Guatemala lives in technicolor. Everywhere you go, the vibrant indigos, reds, greens and yellows harken to a history that transcends time and remains very much alive today. One of the last strongholds of the Maya civilization, Guatemala is still home to traditions that date back thousands of years.
In the highlands, you encounter shamans that keep count of the ancient calendar and maintain practices originally held by Maya kings. Atop sacred ruins in places like Tikal, you will experience first-hand the height of Maya culture, while other historic sites show evidence of colonialism, war, multiculturalism, religious syncretism, revolutions, and renewed hope for peace and prosperity.
There was never a Maya Empire or completely homogenous culture. Rather, this history is one of rising and falling city states, with influences from neighboring power centers often affecting commerce, language and community. There are 21 distinct Maya languages spoken today in Guatemala, as well as two non-related languages spoken largely on the Caribbean Coast. This diverse linguistic history no doubt originates from local culture rather than national hegemony.
Head to the world-renowned markets in places like Chichicastenango or Sololá and you will see this rich cultural tapestry first hand; if you have a good guide or local to take you through the market, they can point out where certain huipil styles, textiles, carvings and ceramics come from. You will see Maya shamans burning incense in the front of Chichicastanango’s Iglesia de Santo Tomás, while church-goers inside light candles to honor the Catholic saints. This syncretism and multiculturalism is widespread throughout Guatemala, but the nation has long experienced the push-and-pull between the largely marginalized indigenous majority and the generally wealthier, more powerful class of European heritage.
Getting started in Guatemala City
The fact that the oldest surviving book from the Americas is currently housed in a German museum plays testament to a post-colonial history of European domination. But fear not – the intact threads of Guatemala’s extensively long history are found everywhere in the lively capital city.
Begin with a wander through the National Archaeology and Ethnology Museum, a comprehensive exhibit that displays a tremendous collection of stone sculptures. At the Museo Popol Vuh you can find a copy of the Dresden Codex, one of the most famous Maya written works, as well as extended history of other sacred texts that recount Maya mythology. Interesting fact: the museum gets its namesake from the Popol Vuh, a sacred text written between 1000-1500AD by the K’iche’ people of the highlands that recounts the Maya creation myth; according to its legend, men were created from corn.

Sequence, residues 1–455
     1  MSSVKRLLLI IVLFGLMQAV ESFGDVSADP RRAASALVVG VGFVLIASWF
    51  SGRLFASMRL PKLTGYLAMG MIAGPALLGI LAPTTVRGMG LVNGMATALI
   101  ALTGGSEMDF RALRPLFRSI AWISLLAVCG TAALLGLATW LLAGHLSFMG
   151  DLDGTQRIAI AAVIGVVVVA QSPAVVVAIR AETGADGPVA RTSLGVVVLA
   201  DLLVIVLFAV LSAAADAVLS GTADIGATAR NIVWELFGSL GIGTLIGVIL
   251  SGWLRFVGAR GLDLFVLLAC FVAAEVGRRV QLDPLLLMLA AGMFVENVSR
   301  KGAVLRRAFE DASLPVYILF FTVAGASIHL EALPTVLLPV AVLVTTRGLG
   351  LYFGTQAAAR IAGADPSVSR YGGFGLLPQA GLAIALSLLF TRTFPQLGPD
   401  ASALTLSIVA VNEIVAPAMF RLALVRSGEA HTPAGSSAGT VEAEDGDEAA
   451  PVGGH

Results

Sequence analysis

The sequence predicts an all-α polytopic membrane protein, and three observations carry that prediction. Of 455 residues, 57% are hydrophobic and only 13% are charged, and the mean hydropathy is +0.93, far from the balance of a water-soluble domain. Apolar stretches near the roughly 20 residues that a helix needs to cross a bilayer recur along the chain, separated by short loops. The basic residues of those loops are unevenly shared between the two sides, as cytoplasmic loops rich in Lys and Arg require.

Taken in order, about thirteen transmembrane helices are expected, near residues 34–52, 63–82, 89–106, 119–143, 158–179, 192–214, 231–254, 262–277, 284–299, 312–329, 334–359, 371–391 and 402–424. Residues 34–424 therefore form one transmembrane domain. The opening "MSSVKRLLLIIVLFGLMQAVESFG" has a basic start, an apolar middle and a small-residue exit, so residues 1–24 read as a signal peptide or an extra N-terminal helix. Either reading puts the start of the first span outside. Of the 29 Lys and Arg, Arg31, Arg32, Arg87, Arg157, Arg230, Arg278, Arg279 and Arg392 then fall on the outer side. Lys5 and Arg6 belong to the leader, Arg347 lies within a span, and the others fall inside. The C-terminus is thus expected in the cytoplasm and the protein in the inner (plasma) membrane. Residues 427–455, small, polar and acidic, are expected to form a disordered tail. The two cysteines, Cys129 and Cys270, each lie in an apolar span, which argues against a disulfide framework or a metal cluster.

After sampling traditional Maya fare at top-choice La Concina de Señora Pu, take an afternoon to explore the markets and other interesting museums and historic buildings of the downtown area. Here you will find rich cultural expressions of Guatemala’s past in the unique artisan goods and textiles on offer.
History in the hills
Ancient history also reveals itself in the towering volcanoes, eye-drop lakes and beautiful scenery of the Guatemalan highlands. According to legend, the God Yegua Achi’ moved several volcanoes to the area around Lago de Atitlán to punish the village of Santiago’s patron saint for not providing him with a wife. While you’re exploring the small villages around the lake, take a second to visit Santiago, a Maya stronghold where men and women still largely dress in traditional clothes and you can see this marriage between indigenous beliefs and Catholicism first hand.
Locals here venerate Maximón (mah-shee-mohn), who represents both Catholic Saint Simon, a Maya god and Satan at the same time. Maximón is protected by local brotherhoods and changes his location every year. Ask around when you arrive in Santiago, and somebody will take you there for a small tip. Bring some rum if you plan to visit Maximón – he loves it! He also loves tobacco (but we think he should cut back). Similarly, visiting around Semana Santa (Easter Week) is a great way to take part in the rites that extend across religions.
Tikal and Maya prosperity: Pre-Classic and Classic Period